The Burden of Seriousness

The world almost insist, i feel, that all must be taken very seriously but it does not help at all is my experience. Especially suffering too. But taking ones own suffering or that of others so seriously does not help.

When the mind becomes serious it is like it looses wisdom, joy, a sparkle of light and an element of friendliness, connection, i feel. I feel seriousness is very close to anger. I think it is how passion expressess itself.

I sometimes see in buddhist books also the advice to take all not to seriously. I feel that is also a great advice.

But the world of involvement, of engagement, of passion, of attachment insist, i feel, that we must be very serious people. So serious that we day in day out are burdened, tired, stressed, on edge , on fire and constant with a heavy load on the heart.

This kind of suffering is so much appreciated in the world, i feel. It almost feels indecent, inappropriate, unfitting, respectless, immoral towards others not to take on this heaviness, this seriousness. I notice such in myself.

I feel that the insight in emptiness can make the heart lighter. The realisation that mind is empty. And a larger perspective on life. But the world of passion, attachment, is strong, alluring, making me feel bad when i do not take on the heaviness of the heart. The world outside me and in me wants me to suffer.


By which one of the five hindrances would you classify extreme seriousness ?

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Spiritual life starts with freedom and joy, When Gotama gave up willfully striving he rediscovered the basic natural freedom and our birthright.

The road to joy goes from joy through joy and lands in joy, a non move in still flowing water

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I would say it can relate to all.

Can you offer me a classification under each of the 5 hindrances please ?

Or, if this question is not clear, I’d say: can you explain in more details what you just said ?

For example, if you have strong sensual pleasure there is this element of seriousness, and certainly when something or someone would obstruct us in sense-gratification.

But doubts can make one also very seriously and very grasping at answers to get some grip on the matter.


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Thank you Green !

And is there for you such thing as a skillful seriousness ?
If so, how do you differentiate between the skillful and the unskillful one ?

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Yes, i had posted this and after that i realised that there are always more sides to things. I also realise that without seriousness one might become cynical, or not even enter the Path, or ridicul all what happens in life.

So, yes, i believe that there is also skillful seriousness.

What about your view on this?

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I learnt the english word “grim” with Ajaan Geoff. I like the way he teaches, that we should be serious but not grim. Here two excerpts:

Buddhism takes a familiar American principle — the pursuit of happiness — and inserts two important qualifiers. The happiness it aims at is true: ultimate, unchanging, and undeceitful. Its pursuit of that happiness is serious, not in a grim sense, but dedicated, disciplined, and willing to make intelligent sacrifices.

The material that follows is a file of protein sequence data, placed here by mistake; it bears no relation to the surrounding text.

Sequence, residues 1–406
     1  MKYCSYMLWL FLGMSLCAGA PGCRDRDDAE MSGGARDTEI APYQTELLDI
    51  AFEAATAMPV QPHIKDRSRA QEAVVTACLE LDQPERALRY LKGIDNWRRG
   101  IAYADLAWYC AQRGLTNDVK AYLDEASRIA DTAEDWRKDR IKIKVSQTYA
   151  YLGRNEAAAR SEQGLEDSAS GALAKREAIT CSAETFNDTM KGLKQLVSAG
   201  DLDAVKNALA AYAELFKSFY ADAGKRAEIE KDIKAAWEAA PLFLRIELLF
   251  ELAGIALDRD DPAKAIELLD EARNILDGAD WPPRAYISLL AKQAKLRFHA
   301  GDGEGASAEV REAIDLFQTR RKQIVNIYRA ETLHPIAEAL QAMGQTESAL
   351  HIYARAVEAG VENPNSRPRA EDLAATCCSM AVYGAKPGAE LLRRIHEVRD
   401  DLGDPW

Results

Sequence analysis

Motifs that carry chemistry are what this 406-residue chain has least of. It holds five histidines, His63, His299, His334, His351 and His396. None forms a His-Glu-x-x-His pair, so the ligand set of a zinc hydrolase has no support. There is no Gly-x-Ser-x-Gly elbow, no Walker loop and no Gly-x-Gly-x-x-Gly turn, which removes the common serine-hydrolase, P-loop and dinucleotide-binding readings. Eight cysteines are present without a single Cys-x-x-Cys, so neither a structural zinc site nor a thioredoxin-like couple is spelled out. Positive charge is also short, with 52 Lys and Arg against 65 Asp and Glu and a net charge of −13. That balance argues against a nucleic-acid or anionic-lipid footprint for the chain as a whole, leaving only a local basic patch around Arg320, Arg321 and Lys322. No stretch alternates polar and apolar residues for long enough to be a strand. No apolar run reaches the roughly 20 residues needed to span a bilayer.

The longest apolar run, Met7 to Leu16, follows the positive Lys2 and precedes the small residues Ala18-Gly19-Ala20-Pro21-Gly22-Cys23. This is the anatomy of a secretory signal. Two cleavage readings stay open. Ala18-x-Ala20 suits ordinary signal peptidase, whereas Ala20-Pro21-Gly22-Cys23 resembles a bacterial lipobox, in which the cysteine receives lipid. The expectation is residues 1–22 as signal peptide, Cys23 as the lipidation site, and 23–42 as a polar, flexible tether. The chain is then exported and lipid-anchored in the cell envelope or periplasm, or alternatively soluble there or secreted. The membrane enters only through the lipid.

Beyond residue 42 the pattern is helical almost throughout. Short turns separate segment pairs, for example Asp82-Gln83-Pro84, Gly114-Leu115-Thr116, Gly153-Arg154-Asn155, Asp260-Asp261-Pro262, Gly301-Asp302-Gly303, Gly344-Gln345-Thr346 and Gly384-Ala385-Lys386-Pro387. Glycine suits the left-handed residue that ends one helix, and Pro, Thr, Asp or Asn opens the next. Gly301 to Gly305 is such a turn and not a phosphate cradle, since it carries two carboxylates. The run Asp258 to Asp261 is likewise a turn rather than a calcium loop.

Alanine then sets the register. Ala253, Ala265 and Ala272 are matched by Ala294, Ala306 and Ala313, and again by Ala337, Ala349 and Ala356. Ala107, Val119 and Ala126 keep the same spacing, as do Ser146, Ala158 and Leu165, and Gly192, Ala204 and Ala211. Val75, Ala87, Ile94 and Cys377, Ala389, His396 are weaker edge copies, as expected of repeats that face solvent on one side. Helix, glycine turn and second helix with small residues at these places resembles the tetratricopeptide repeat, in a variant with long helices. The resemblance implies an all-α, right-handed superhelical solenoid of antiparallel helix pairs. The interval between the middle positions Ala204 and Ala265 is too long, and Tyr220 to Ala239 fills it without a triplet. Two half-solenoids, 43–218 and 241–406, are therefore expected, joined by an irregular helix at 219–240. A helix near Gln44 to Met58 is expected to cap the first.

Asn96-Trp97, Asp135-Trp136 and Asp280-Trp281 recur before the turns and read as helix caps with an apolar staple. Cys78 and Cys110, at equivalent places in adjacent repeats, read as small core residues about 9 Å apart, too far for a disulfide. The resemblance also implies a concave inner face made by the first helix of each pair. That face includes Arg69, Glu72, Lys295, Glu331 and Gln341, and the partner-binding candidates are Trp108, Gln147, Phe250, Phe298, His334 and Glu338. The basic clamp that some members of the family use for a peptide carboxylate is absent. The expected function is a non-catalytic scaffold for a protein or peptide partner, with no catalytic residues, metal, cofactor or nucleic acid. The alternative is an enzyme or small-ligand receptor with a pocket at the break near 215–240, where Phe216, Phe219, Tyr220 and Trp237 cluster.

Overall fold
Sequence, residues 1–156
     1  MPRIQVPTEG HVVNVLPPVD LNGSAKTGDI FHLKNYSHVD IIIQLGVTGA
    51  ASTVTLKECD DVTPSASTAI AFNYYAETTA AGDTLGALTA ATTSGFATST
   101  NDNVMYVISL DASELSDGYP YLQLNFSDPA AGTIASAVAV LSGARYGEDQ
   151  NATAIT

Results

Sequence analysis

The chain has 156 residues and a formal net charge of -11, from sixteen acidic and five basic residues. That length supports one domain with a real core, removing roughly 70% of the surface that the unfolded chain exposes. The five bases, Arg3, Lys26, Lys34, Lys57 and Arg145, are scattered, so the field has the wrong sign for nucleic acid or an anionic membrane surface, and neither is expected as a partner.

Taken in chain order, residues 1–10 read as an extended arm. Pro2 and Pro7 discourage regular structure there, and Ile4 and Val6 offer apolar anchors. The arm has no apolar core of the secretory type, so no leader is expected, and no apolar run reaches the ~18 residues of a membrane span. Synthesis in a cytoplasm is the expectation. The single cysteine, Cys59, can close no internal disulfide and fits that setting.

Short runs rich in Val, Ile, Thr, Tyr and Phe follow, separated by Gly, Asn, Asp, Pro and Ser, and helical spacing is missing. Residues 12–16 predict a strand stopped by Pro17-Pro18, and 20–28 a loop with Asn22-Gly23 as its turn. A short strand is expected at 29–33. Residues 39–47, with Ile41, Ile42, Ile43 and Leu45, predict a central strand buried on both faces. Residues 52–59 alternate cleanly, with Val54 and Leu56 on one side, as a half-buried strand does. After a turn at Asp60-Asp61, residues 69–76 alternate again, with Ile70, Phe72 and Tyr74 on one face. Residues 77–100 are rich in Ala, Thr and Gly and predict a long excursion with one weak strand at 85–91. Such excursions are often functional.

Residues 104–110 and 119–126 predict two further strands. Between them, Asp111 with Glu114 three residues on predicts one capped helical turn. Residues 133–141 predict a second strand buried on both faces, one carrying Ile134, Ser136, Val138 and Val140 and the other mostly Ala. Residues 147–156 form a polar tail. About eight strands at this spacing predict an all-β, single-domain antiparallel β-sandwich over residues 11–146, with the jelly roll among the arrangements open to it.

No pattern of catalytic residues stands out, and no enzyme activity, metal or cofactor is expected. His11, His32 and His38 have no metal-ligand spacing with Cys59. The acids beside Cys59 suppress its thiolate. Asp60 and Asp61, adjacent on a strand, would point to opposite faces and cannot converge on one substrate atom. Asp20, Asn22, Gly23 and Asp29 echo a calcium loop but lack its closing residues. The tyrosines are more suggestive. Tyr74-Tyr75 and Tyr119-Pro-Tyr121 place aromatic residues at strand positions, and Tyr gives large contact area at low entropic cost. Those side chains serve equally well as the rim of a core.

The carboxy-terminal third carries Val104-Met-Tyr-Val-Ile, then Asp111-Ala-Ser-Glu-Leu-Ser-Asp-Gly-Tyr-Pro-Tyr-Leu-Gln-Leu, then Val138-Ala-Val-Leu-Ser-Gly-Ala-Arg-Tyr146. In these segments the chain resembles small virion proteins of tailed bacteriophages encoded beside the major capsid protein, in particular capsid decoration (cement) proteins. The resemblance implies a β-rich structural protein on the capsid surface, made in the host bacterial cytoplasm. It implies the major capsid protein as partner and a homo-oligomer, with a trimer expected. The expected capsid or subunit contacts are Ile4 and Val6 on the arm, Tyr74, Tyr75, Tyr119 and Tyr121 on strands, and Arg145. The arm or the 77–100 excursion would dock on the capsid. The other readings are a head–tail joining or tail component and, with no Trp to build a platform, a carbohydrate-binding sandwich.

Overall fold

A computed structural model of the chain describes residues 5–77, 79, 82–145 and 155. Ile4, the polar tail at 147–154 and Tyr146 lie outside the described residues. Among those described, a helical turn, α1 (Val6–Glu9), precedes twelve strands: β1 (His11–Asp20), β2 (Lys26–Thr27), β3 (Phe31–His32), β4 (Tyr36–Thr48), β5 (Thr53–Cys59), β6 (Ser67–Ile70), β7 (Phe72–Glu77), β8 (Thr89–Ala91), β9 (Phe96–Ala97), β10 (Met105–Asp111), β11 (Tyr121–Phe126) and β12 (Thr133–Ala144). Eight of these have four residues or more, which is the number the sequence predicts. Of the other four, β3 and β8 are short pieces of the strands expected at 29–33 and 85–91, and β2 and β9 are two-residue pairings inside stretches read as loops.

• Humor: AN 8:80 (§212) uses humor as a way of making the lazy monk look ridiculous: The very conditions that he uses to excuse his laziness are precisely those that a wise monk reflects on skillfully to induce energy.

• Goodwill: SN 55:7 and Ud 5:1 (§§213–214) use the principle of enlightened self-interest to induce goodwill and compassion: It would be neither right nor wise to base your happiness on the suffering of others. This reflection is then used to encourage right effort in your search for happiness. Enlightened self-interest—and compassion for yourself—are also used in the example in AN 3:40 (§217) where you take the self as your governing principle: In other words, you originally took on the path for the sake of ending your suffering, so you would not be showing compassion to yourself if you abandoned it.

MN 39 (§215) also uses goodwill as a means for motivating right effort: If you reach the noble attainments, the requisites with which others provide you will bring them great reward.


The teachers I admire most are full of laughter and gentle wisdom. They are quick to joy and often use humor and laughter as a teaching method to put at ease uneasy minds. How many times have I gone to my teachers with what seemingly are very serious problems to my mind only for them to gently encourage me to laugh and thereby dissolve the fixation I was investing in order to replace it with perspective; and then encourage me to get to work! That isn’t to say that they are never serious, but certainly they invest their seriousness wisely and not frivolously and encourage me to do the same. :pray:

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It takes a serious mind to reach Enlightenment. I mean you must really make Enlightenment your goal; if not your only goal. Such a task takes a very serious mind. But Transcendental seriousness can be found in lightheartedness and laughter–which is a powerful medicine if combined with the Dhamma, as which the Dhamma itself is the best medicine, in Faith, in Compassion, and in Love.

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